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The Cottages Blog

Valuable Information for Caregivers and Loved Ones

Mental Health Awareness Month: Depression and Dementia

May is Mental Health Awareness Month and we would be remiss if we didn’t take some time to discuss how mental health issues can affect those living with dementia and their caregivers. Depression is commonly associated with Alzheimer’s. Experts estimate that up to 40 percent of people living with Alzheimer’s disease suffer from significant depression. Identifying depression in someone living with dementia or Alzheimer’s isn’t always easy, but it’s important that family and caregivers keep an eye out for the symptoms of depression and seek help if they suspect their loved one may be depressed. Many symptoms of Alzheimer’s mimic the symptoms of depression, such as apathy, social withdrawal, isolation, difficulty concentrating, and loss of interest in activities. Someone with dementia who is also suffering from depression may experience sadness, hopelessness and guilt, among other feelings, but they will often find it difficult to articulate these feelings due to cognitive impairment as a result of the dementia. Depression in someone with dementia may be less severe, or have symptoms that come and go. No matter how severe, if you notice any signs of depression in your loved one, discuss them with your loved one’s primary care provider. Diagnosis and treatment of depression can be especially helpful and may improve your loved one’s ability to function and overall sense of well-being. Talk to your loved one’s doctor about getting a referral to a geriatric psychiatrist who specializes in diagnosing and treating depression in senior adults. Diagnosing Depression in Alzheimer’s According to the National Institute of Mental Health, in order for a person with dementia to be diagnosed with depression, he... read more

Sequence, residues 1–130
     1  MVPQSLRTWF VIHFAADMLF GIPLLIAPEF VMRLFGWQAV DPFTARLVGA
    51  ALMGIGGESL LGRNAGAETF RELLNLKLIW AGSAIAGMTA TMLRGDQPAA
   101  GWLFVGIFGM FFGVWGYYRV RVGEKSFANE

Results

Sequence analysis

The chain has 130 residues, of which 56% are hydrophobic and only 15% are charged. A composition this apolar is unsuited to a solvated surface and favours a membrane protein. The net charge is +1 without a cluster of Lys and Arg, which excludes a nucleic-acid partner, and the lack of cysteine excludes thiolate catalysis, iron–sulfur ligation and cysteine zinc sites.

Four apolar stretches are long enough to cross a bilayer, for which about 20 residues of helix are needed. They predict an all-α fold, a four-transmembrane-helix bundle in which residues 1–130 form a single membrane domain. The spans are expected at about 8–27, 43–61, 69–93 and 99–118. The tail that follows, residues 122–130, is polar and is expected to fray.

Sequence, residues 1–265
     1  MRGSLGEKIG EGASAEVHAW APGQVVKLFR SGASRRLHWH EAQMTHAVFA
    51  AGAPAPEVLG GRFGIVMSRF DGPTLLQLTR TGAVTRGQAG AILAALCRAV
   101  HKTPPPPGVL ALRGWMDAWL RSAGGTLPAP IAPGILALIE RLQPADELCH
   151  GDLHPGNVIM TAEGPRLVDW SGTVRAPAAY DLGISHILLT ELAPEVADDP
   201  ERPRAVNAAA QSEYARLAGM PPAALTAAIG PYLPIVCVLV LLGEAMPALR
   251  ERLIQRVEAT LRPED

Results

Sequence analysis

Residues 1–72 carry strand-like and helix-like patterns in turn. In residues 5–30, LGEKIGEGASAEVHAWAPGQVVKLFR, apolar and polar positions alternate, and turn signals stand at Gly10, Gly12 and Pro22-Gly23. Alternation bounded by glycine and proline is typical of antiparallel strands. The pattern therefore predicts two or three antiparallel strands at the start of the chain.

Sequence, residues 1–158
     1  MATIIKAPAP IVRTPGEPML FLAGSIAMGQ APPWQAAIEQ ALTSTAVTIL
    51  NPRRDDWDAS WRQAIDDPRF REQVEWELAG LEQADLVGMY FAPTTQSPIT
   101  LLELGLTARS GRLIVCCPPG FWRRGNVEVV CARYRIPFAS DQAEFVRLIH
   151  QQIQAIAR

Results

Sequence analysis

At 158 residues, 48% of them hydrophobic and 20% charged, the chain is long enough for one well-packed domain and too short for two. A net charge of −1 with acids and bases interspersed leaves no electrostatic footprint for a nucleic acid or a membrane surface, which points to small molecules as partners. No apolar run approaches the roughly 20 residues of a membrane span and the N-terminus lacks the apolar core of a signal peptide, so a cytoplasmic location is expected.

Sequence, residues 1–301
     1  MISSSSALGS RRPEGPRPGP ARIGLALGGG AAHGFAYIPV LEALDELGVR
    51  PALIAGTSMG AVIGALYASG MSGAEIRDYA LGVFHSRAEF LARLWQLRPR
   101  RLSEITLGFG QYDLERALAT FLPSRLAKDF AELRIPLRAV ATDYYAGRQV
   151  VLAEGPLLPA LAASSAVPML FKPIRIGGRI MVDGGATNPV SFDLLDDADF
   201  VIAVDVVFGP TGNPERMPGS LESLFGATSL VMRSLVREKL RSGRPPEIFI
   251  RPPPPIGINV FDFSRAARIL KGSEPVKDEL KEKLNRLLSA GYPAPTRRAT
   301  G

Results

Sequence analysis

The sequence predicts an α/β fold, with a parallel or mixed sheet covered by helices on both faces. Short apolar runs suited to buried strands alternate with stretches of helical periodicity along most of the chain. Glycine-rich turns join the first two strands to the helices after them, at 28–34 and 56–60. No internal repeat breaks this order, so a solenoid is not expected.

Hospice Care: Understanding Your Options

As a caregiver of someone who is living with dementia, you will experience a variety of different care options at the different stages of your loved one’s disease. In the beginning, you may be able to provide care for your loved one in his or her own home.

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